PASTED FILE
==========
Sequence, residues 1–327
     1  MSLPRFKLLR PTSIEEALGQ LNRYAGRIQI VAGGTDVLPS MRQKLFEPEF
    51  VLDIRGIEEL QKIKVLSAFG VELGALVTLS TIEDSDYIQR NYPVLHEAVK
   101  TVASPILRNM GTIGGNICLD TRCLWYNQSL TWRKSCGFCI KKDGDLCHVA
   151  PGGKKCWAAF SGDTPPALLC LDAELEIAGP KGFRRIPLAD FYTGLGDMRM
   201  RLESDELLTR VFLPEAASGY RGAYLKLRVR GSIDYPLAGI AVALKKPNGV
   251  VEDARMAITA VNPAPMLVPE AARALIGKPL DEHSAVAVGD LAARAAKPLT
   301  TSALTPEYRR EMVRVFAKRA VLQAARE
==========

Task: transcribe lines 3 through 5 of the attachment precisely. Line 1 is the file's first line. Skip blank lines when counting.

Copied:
    51  VLDIRGIEEL QKIKVLSAFG VELGALVTLS TIEDSDYIQR NYPVLHEAVK
   101  TVASPILRNM GTIGGNICLD TRCLWYNQSL TWRKSCGFCI KKDGDLCHVA
   151  PGGKKCWAAF SGDTPPALLC LDAELEIAGP KGFRRIPLAD FYTGLGDMRM